Monkeys can add, and they're not half bad at it, researchers announced this week, saying two monkeys scored about as well as college students on the same basic-addition test.
Scientists have known that both humans and animals have the ability to mentally represent and compare numbers. For instance, animals, infants, and adults can discriminate between four objects and eight objects.
Until now, however, it was unclear whether animals could perform mental arithmetic.
The findings shed light on the evolutionary origins of arithmetic ability in humans and nonhumans, said researchers Elizabeth Brannon and Jessica Cantlon of the Duke Center for Cognitive Neuroscience.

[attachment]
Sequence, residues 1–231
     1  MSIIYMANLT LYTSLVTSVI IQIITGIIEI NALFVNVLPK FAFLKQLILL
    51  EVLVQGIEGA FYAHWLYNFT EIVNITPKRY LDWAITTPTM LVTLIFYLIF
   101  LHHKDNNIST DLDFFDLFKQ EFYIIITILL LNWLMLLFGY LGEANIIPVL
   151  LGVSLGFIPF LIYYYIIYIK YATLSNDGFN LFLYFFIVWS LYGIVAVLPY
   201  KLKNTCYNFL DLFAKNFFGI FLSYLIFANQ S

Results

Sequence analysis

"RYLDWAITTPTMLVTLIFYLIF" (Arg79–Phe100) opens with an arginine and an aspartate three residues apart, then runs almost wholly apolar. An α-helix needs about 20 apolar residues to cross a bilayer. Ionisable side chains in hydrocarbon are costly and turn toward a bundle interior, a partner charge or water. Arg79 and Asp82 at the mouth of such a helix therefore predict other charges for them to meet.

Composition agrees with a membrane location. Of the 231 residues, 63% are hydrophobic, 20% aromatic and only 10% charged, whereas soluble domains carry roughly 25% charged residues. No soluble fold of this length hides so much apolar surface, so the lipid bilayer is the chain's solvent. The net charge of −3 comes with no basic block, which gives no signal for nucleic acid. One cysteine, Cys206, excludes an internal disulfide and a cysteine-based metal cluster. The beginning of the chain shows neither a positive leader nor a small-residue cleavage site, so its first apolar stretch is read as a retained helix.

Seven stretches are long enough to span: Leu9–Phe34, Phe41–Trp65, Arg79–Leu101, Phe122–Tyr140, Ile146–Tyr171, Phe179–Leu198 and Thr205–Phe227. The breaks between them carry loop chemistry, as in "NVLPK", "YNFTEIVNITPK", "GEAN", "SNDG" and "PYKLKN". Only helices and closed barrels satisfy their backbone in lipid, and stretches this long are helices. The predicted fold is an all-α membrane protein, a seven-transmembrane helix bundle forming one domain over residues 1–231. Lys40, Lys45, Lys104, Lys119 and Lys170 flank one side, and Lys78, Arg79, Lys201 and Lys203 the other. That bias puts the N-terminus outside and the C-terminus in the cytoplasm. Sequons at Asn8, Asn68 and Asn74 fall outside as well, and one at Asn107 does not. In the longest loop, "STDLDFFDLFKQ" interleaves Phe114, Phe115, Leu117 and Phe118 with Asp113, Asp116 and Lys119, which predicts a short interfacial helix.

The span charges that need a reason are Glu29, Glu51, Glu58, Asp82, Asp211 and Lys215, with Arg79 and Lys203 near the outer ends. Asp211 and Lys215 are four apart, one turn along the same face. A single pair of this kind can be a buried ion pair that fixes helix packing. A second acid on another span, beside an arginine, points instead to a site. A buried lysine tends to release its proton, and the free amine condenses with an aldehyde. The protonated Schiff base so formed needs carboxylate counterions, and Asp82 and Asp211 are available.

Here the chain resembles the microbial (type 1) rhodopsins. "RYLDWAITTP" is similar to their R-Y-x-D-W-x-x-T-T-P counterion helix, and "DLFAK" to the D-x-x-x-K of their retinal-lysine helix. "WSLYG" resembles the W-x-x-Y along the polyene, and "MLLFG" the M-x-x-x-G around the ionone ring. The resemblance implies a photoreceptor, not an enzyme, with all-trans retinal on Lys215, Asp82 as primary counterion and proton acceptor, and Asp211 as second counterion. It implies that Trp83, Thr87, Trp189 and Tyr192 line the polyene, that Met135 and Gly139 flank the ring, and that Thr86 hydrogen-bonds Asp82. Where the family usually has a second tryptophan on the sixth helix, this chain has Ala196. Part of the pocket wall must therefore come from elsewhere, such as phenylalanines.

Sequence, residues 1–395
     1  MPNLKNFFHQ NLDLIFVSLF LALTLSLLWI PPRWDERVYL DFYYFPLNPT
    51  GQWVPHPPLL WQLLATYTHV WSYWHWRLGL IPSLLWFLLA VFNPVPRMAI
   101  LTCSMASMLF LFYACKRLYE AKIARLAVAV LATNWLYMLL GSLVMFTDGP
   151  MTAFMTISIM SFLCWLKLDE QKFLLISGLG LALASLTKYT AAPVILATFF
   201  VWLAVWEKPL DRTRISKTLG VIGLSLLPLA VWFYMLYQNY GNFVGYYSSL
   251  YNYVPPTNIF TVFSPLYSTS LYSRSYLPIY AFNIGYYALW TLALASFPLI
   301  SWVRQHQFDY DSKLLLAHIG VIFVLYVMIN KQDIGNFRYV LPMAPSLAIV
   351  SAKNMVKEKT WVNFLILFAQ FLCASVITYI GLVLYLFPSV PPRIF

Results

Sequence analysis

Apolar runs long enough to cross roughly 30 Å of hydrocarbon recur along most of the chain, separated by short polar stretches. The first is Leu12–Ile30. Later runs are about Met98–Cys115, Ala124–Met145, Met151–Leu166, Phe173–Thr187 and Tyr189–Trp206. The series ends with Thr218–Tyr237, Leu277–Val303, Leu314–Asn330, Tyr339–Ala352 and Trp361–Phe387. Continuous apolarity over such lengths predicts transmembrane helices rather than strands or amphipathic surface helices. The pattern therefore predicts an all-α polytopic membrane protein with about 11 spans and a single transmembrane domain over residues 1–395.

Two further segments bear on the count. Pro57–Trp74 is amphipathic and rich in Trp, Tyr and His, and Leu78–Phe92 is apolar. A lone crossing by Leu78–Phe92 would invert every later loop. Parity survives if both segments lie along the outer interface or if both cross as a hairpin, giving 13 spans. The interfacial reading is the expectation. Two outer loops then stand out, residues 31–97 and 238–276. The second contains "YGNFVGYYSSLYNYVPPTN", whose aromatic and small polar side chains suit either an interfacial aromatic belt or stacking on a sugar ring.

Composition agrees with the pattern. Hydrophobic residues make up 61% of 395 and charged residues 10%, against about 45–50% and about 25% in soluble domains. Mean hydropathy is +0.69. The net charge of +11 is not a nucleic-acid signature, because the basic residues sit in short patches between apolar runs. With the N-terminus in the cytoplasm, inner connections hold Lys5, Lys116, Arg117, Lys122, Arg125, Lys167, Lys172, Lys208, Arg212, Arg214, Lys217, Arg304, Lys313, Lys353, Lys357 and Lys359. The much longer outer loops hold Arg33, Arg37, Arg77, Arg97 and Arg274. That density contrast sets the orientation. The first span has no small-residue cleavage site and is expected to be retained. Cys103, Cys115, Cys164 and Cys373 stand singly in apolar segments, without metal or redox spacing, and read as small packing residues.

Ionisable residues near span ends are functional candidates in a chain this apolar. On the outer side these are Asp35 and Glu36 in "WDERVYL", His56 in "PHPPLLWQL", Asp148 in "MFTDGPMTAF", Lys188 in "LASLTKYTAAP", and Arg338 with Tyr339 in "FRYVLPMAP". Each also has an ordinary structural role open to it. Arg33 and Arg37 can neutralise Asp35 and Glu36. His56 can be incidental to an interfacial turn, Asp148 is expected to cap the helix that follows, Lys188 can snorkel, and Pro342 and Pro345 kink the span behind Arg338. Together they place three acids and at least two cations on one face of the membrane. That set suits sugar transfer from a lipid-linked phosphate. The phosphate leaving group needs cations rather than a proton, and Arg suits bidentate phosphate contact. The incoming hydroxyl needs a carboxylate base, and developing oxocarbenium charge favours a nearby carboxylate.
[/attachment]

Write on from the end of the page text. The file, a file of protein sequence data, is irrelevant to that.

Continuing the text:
Their study was published in the December 2007 issue of the journal PLoS Biology.
That monkeys—in this case two adult female rhesus macaques—and humans share the ability to add suggests that basic arithmetic may be part of a shared evolutionary past, the scientists said.
Earlier this month, Japanese researchers pitted young chimps against human adults in tests of short-term memory, and overall, the chimps won. (See story.)
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